Jump to content
  • Advertisement
Sign in to follow this  
kayX

Potential managed dx memory leak?

This topic is 4859 days old which is more than the 365 day threshold we allow for new replies. Please post a new topic.

If you intended to correct an error in the post then please contact us.

Recommended Posts

I am making an application using Managed directX and when i run it, my memory usage viewed under Windows Task Manager (Processes) keeps on going higher. I trace it to this line of code new VertexDeclaration(device, meshVertexElement); To confirm this, i make a test project with basic initialization codes and put this line of code into a function and call it in my main loop. The same thing happens. Since this object will go out of scope at the end of the function, it should be destroyed and the memory should some how be release. I even tried inserting GC.Collect() at the end of the function and it still behave the same. Does anyone encounter this problem and have a solution? Dx bug? or maybe i made a mistake? Pls shed some light

Share this post


Link to post
Share on other sites
Advertisement
Are you calling Dispose on the object? A lot of the classes in MDX follow the "Dispose Pattern", which basically means that when you are done with them you need to call the Dispose function of the class. This cleans up the unmanaged resources behind DirectX. If you just let it go out of scope the GC is only picking up after the managed parts of the classes and missing the rest of them.

Share this post


Link to post
Share on other sites
Thanks for the fast reply. Anyway, i did call dispose() but it only works for the simple project that i make to test. On my application, it doesnt seems to work although the allocation per update is lessen. I suspect that it might be other parts of the code where i fail to call dispose() but when i remove the lines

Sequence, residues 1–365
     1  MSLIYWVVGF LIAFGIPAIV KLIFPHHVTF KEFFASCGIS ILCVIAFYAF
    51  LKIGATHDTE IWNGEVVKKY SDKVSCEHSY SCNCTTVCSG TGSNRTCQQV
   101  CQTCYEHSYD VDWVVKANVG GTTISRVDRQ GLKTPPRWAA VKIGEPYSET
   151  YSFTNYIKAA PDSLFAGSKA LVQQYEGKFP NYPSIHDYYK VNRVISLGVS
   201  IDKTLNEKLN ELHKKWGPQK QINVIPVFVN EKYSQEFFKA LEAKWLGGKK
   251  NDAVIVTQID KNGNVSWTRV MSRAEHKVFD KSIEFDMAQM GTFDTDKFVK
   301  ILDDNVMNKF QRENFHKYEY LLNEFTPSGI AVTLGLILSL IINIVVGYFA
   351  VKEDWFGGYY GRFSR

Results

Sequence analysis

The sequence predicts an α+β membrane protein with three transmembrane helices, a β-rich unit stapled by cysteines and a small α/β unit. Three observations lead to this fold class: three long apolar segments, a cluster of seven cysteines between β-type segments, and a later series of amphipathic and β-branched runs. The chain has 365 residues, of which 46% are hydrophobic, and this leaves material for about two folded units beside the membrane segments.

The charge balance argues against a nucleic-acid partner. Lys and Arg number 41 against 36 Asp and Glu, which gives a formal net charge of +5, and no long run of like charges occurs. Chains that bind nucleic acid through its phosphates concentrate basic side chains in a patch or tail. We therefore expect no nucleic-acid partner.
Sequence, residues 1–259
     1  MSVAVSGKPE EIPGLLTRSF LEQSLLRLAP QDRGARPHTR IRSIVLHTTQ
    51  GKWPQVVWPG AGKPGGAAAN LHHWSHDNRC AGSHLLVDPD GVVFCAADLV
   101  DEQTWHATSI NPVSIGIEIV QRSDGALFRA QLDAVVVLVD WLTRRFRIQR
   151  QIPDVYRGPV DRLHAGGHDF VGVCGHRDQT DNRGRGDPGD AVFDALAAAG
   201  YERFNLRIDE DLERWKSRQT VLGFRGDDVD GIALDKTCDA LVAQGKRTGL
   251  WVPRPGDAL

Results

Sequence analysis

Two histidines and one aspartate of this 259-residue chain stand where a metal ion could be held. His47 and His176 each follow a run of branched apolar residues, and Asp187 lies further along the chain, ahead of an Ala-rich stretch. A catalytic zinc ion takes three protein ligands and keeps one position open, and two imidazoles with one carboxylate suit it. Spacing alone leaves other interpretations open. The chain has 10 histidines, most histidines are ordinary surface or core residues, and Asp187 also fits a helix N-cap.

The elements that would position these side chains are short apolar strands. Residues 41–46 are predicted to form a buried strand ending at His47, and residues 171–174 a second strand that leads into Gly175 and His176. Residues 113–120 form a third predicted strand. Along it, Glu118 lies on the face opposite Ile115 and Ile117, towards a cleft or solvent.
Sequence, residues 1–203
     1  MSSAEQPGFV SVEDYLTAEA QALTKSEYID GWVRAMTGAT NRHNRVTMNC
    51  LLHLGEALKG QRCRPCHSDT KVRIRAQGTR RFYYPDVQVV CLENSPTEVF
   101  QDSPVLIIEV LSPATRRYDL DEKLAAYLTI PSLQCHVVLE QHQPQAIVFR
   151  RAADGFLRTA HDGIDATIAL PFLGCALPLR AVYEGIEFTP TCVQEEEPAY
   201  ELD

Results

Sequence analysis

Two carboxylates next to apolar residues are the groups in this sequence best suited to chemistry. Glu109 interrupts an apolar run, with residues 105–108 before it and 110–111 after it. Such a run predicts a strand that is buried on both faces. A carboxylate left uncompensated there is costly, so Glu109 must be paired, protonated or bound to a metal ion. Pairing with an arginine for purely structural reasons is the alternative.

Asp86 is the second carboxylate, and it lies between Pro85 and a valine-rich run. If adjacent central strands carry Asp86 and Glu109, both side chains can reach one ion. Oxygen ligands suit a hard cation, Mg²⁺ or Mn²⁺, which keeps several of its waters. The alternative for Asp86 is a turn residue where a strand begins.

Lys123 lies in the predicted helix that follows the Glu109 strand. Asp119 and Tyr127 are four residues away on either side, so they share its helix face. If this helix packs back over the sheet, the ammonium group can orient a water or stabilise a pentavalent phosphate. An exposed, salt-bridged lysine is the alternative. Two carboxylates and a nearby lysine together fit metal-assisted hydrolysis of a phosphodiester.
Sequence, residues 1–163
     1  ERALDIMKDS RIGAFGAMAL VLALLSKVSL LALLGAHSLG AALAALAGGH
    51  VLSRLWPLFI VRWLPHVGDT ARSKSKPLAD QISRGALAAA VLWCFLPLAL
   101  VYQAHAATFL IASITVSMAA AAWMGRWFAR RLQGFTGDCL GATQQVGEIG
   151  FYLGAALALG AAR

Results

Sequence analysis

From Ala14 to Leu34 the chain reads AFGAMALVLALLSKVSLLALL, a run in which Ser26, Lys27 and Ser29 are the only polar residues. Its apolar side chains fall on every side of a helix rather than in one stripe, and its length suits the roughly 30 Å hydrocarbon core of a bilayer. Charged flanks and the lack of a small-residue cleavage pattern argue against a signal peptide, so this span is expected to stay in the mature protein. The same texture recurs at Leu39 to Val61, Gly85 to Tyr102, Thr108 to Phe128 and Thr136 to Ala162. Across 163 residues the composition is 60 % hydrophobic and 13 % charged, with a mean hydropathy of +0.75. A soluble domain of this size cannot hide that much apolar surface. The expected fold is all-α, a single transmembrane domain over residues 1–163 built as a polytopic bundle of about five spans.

device.VertexDeclaration.Dispose();
device.VertexDeclaration = null; //to be save
device.VertexDeclaration = VertexDeclaration(device, meshVertexElement);

the allocation stops. which means that this 3 lines of code is the problem. Or maybe i over looked some part of my codes

Share this post


Link to post
Share on other sites
Quote:
Original post by kayX
Thanks for the fast reply. Anyway, i did call dispose() but it only works for the simple project that i make to test. On my application, it doesnt seems to work although the allocation per update is lessen. I suspect that it might be other parts of the code where i fail to call dispose() but when i remove the lines


device.VertexDeclaration.Dispose();
device.VertexDeclaration = null; //to be save
device.VertexDeclaration = VertexDeclaration(device, meshVertexElement);

the allocation stops. which means that this 3 lines of code is the problem. Or maybe i over looked some part of my codes

Is that the exact code? I'm just wondering if there is actually a new in front of the VertexDelceration constructor call, which is what I am assuming that is.

Are you making sure to call Dispose on the new objects too? Also, Task Manager isn't really a valid way of watching memory consumption in this case, it could just be that the Garbage Collector hasn't decided to collect yet. For some more .Net based memory watching, go to the Performance item in your Control Panel. You will need to click the plus sign and add the .Net statisitcs you are itnerested in, like how many Gen0/1/2 collections are going on.

Share this post


Link to post
Share on other sites
Sorry there is new in the front. Ok.. i try to look at the memory part more. Thanks for the feedback

Share this post


Link to post
Share on other sites
When the GC decides to do a collection, you won't see any memory reduction in the task manager. The GC works on the managed heap, which is a pre-allocated chunk of memory. So when it does a collection, all it does is re-arrange stuff in this managed heap (memory chunk), but won't necessarily shrink it or anything.

Share this post


Link to post
Share on other sites
Sign in to follow this  

  • Advertisement
×

Important Information

By using GameDev.net, you agree to our community Guidelines, Terms of Use, and Privacy Policy.

We are the game development community.

Whether you are an indie, hobbyist, AAA developer, or just trying to learn, GameDev.net is the place for you to learn, share, and connect with the games industry. Learn more About Us or sign up!

Sign me up!